Visor Prism interior with replacement battery

Being only slightly smaller, the replacement really doesn’t have a lot of room to move, so a small bit of foam that stayed behind is plenty to hold it in place.

There’s a small ridge of blue plastic just above the upper left corner of the battery. I had to poke the wires so they went to the left of it before I could close the case, after which reassembly was quite easy.

All Data Lost (As Expected)

The original Visor and Visor Deluxe had small batteries inside to retain memory while you were replacing their AAA cells. The Prism, having an internal rechargeable battery, apparently does not have a memory retention battery. After the replacement, it came up in touchscreen calibration mode, with date and other preferences unset and all my programs and data gone.

No matter; I’ll resync at work tomorrow. It’s a good opportunity to make sure I’ve backed up my few third-party programs correctly. (I use FileZ to twiddle the backup bits on various softwares, hopefully to make my backup strategy smarter than the default, but one never knows until one tries.)

And I’m looking forward to checking the new battery life.

Update: All applications and data restored as expected.

60,000 mcd Sure Sounds Bright

Sunday, November 18th, 2007

I’m still interested in building a sunrise alarm clock, to gradually lighten the bedroom up to full daylight brightness when it’s time for me to wake up. I’d enjoy making it with LEDs, and a blog reader suggested I check out some yellow LEDs from this eBay seller.

They had fifty 10mm 60,000 mcd yellow LEDs for $6.98 plus $8.98 shipping and $2.00 insurance, so $17.96 for the lot or 36¢ each. Seemed very reasonable, and I was the only bidder on that batch, so I won the auction.

The LEDs arrived, and they’re the first 10mm LEDs I’ve bought, and they’re huge. But I put them in my LED tester, and they don’t seem that bright, even at 50 mA. So tonight I put them in a breadboard with 100Ω resistors and cranked up my variable bench power supply. They still don’t seem that bright.

10mm and 5mm LEDs on breadboard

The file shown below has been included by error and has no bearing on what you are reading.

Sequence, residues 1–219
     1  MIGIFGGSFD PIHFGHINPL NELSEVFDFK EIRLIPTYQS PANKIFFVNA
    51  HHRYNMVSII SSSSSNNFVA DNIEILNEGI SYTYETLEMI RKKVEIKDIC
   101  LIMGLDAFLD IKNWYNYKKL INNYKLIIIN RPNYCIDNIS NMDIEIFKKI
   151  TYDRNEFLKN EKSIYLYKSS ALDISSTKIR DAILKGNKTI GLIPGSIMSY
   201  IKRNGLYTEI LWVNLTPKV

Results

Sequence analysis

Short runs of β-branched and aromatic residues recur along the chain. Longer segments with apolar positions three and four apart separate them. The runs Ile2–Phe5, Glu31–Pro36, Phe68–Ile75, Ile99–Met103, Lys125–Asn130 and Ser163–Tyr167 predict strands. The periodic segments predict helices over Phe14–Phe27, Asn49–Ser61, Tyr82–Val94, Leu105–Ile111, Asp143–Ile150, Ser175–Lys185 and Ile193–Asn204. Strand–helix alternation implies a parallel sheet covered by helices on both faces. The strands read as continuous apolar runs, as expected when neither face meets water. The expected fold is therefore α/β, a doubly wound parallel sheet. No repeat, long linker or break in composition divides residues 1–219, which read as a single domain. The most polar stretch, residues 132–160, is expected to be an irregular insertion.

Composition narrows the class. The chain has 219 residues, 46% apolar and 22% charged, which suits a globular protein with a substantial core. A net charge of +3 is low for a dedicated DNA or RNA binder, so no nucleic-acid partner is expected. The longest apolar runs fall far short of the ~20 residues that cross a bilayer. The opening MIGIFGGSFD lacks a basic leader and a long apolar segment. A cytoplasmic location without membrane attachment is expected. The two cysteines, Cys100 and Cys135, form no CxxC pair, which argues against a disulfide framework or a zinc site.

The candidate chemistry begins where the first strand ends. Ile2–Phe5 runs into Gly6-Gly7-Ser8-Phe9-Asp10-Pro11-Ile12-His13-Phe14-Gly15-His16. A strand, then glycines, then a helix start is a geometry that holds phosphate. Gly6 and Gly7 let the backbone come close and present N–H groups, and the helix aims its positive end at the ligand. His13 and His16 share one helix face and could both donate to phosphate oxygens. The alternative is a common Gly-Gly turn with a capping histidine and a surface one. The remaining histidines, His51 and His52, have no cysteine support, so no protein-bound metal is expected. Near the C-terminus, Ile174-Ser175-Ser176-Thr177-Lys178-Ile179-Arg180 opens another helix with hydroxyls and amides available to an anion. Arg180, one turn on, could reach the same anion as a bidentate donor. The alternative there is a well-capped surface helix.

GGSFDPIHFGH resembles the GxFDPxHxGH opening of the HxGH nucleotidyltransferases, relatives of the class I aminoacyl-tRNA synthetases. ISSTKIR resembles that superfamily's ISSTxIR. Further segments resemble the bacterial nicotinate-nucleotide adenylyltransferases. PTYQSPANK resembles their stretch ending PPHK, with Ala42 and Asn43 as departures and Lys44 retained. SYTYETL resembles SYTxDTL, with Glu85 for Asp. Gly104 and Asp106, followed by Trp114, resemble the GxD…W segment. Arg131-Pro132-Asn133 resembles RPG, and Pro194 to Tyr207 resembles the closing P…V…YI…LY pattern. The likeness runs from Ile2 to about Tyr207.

Here’s the layout, so you can see I’m not lying and using different resistor values for different LEDs. The LEDs on the left are the 60,000 mcd yellows, and the ones on the right are the 5mm 10,000 mcd blues I’m using in the LED clock.

10mm yellow and 5mm blue LEDs on breadboard, lit

The yellows are a little more directional than the blues, which was making comparison difficult, so I scuff-sanded all of them to get a frosted, diffuse effect and level the playing field. The blues are pretty clearly brighter.


Here’s the ceiling above the breadboard. The yellows are still more directional even after frosting — the whole ceiling is bathed in pleasing, blue light with only a small patch of slightly brighter yellow in the center.

I know that candelas are a measure of brightness within the coverage pattern of a directional light source, whereas lumens are a measure of total light output. Here’s my favorite mcd and viewing angle to lumen calculator, which makes it easy to convert. The seller’s information for the yellows says they have a 10° viewing angle, and I should have thought more carefully about its impact before buying.

At 3 lumen each, and with a 60W incandescent outputting about 800 lumen, I’m probably not going to be able to use these to simulate full daylight. I’ve been starting to consider using dimmable fluorescents instead, in spite of the hassle of having to build an enclosure to protect the bulbs.

I wonder what application only needs a 10° viewing angle.

Lesson: Always check viewing angle and lumen output of LEDs before buying.

I Love These Cables!

Sunday, November 18th, 2007

This is the back side of an aging SGI cluster that we host in our data center at work for the high-performance computing group.

SGI cluster cabinet

For a sense of scale, this is a 23″ rack, and that’s a grey CAT5 patch cord stretched down the left portion. The white cables are close to an inch thick.

Huge SGI cluster cables

The fat cables with the beautiful, tough braided jackets seem almost synthetic-organic to me. They always make me think of Bishop after he’s been torn in half by the alien.

Reverse-Engineering a Flammable Gas Detector

Sunday, November 4th, 2007

My boss’s in-laws have some property in the country where they like to camp out on weekends, and they have a trailer parked there with propane heat for cold evenings. This summer or fall, my boss asked me whether I knew of a gas leak detector; his dad-in-law thinks the tank or plumbing is leaking, and they’d like to fix the leak before using it much this winter.

I said that I didn’t know where to buy one and he could Google for them as easily as I could; but (only half tongue-in-cheek) that I could build him one. He said he needed it by this winter (harrumph!) and went on his way.

I actually had an ace up my sleeve: I already have a box of flammable gas detectors.

Flammable gas detector, top view